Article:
Western Digital Corporation
) launched My Cloud, a personal cloud storage drive, earlier this
quarter to expand its Network Attached Storage (NAS) offerings
beyond enterprises to individual customers. My Cloud, a backup and
unified storage solution for a single user or for a family to store
data "in house", is accessible across all devices including
laptops, personal computers, tablets and smartphones across
platforms such as Android, iOS and Windows. Additionally, the
company expanded My Cloud brand to include a high performance
four-bay cloud storage system, targeting professionals and small
work-groups that require massive amounts of digital data.
Over the last few years the number of PC and laptop units
shipped have steadily declined, largely due to an increased
dependence on cloud storage as well as competition from tablets.
The personal cloud platform provides a perfect opportunity for
storage companies to increase spending from the consumer side.
Additionally, the cloud storage segment of storage companies is no
longer restricted to enterprise storage solutions. We have an
$80 price estimate for the Western Digital
which is slightly below the market price. The personal cloud should
help the company increase sales in the consumer section by helping
users transition from regular hard drives to the personal cloud,
but may not provide a significant upside to our estimate.
See our full analysis on WDC here
Personal Cloud is a relatively new concept in the world of
storage as it offers consumers a choice to access data saved at a
common place, from all personal devices such as laptops, tablets
and smartphones. This is different from regular cloud storage since
the stored data drive is present "in-house" or physically present
with the user.
Compared to publicly available cloud storage options such as
Dropbox and Skydrive, the personal cloud offers a significantly
greater storage space to users. Unlike Dropbox and Skydrive which
have paid subscriptions beyond a few gigabytes (
) of storage and limitations on the size of data files to be
stored, there are no storage charges or limitations on data usage
for the personal cloud. In a lot of cases, users end up making
multiple accounts on Dropbox to get as much free space as possible,
but all their data cannot be synced or accessed all at once.
Additionally, the restriction on the size of files (300 MB in case
of Dropbox) in free accounts makes it nearly impossible to store a
lot of media files such as movies or videos. Furthermore, when the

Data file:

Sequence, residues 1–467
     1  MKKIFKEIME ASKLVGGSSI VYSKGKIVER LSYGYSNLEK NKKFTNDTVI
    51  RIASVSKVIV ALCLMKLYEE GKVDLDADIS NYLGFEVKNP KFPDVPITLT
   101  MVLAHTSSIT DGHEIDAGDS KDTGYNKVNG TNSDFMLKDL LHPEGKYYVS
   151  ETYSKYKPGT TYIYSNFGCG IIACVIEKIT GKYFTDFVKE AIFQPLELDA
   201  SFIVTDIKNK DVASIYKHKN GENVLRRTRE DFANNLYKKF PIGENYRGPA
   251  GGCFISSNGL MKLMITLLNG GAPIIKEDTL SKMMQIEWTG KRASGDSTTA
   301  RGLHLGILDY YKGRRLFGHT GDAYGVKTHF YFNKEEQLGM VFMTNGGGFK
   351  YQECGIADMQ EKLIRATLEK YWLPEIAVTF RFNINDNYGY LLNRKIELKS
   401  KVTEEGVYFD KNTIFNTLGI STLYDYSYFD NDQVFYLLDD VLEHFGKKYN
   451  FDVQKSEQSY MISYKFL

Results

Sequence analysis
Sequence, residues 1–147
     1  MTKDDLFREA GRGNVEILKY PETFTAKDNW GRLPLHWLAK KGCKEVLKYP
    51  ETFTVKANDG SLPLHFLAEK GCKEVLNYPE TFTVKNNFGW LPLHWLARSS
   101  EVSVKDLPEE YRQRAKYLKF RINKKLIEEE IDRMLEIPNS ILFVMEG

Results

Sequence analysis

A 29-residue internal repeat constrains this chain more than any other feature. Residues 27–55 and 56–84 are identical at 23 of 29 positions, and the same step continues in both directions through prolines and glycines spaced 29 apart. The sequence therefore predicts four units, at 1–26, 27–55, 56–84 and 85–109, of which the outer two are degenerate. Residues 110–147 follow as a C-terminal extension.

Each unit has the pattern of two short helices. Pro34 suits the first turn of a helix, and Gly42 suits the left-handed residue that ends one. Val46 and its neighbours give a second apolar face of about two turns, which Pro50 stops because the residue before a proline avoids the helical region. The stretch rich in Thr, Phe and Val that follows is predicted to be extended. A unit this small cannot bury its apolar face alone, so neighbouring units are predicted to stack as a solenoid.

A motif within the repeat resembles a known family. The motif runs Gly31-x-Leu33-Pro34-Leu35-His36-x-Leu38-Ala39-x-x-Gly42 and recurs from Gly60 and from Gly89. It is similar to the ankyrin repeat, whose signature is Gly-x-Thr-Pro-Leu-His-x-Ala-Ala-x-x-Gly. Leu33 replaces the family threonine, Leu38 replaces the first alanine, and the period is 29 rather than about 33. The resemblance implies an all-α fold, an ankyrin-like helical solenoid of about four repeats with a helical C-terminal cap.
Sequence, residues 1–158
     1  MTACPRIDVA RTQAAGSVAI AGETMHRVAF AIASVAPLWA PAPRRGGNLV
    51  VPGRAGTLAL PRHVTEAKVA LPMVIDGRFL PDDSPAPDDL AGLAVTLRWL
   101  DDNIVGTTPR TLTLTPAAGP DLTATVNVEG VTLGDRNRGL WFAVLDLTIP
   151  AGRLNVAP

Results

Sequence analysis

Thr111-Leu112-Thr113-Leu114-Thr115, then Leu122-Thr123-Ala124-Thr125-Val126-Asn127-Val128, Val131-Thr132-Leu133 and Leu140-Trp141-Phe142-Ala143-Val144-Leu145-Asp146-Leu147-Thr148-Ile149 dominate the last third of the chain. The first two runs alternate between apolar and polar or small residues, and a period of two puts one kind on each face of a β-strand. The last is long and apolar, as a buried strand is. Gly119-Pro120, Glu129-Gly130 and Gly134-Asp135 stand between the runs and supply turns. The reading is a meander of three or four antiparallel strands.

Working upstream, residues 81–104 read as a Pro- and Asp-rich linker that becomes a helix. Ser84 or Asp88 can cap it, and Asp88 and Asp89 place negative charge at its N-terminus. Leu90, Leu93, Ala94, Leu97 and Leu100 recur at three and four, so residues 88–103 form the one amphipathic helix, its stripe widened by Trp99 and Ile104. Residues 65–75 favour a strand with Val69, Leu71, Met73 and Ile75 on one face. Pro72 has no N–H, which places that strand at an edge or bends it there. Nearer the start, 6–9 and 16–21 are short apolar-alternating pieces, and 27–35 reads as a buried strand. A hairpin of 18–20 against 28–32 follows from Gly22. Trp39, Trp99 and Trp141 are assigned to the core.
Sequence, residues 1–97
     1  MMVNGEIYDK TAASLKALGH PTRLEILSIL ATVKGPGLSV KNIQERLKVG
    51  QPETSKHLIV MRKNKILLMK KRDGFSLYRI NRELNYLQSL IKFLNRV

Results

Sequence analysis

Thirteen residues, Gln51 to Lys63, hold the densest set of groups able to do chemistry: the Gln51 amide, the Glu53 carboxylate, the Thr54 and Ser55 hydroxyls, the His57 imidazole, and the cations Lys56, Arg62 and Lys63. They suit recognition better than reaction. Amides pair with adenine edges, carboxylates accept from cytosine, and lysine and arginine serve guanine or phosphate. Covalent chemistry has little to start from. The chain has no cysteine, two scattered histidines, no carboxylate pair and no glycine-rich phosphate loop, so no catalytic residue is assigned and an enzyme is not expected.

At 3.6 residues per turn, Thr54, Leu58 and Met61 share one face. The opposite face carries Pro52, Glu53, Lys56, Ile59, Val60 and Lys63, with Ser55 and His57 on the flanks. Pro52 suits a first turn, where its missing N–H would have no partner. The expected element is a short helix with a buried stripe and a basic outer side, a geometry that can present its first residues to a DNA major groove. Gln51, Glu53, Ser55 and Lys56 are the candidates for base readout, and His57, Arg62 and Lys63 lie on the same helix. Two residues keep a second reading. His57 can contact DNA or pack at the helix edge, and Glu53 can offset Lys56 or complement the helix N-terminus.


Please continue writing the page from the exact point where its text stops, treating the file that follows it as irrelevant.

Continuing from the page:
personal cloud storage is accessed on the same network where it is
physically present, it uses intranet, which is generally much
faster than accessing data via the internet. The personal cloud is
a one-time investment that provides a unified backup for all the
data that a single user or a family might require. It is available
in capacities of 2-4 terabytes (1 terabyte = 1000 gigabytes).
There has also been skepticism by the general public about
stored data on public clouds. This came into greater perspective
with the revelations made by former NSA contractor Edward Snowden
about the NSA monitoring public data. The personal cloud is likely
to make users feel more secure about their data, and storage
companies intend to capitalize on that sentiment.
Western Digital's My Cloud
With an aim to provide ease of use to end users and cut down
storage costs, Western Digital launched its My Cloud drives earlier
this quarter. Buying a 2-4 terabyte (TB) drive accessible from
multiple devices for $150-$210 is significantly cheaper than paying
$40 per month to Dropbox for 500 GB of storage. However WDC's My
Cloud has been preceded by Seagate's (
) Central and Toshiba's Canvio Personal Cloud drive, with Lenovo's
Beacon Cloud Storage now following suit. Given the competition in
this segment already, prices of the personal cloud should stay
The personal cloud is a logical alternative to fast declining
external hard drives. The gains in revenues from personal cloud are
likely to be at the expense of regular external and internal hard
drives as well as solid state drives for PC and laptops. However,
My Cloud could give a stiff competition to the Seagate's wireless
drives, which are in concept similar to the personal cloud.
Wireless drives provide a unified storage and backup option for
users just like the personal cloud but are only accessible over the
same network and cannot be accessed devices via the internet.
Seagate has invested in wireless drives as well as Seagate
Central, the personal cloud. The higher flexibility offered by the
personal cloud should cut down demand of Seagate's 1TB wireless
drives. Read more on how SanDisk's portable wireless storage with
low storage capabilities is a better option for smartphones and
tablets. Like SanDisk's (
) wireless storage solutions, the personal cloud could also reduce
the number of users paying a premium of about $100 for a memory
expansion of 32/64 GB on tablets or smartphones.
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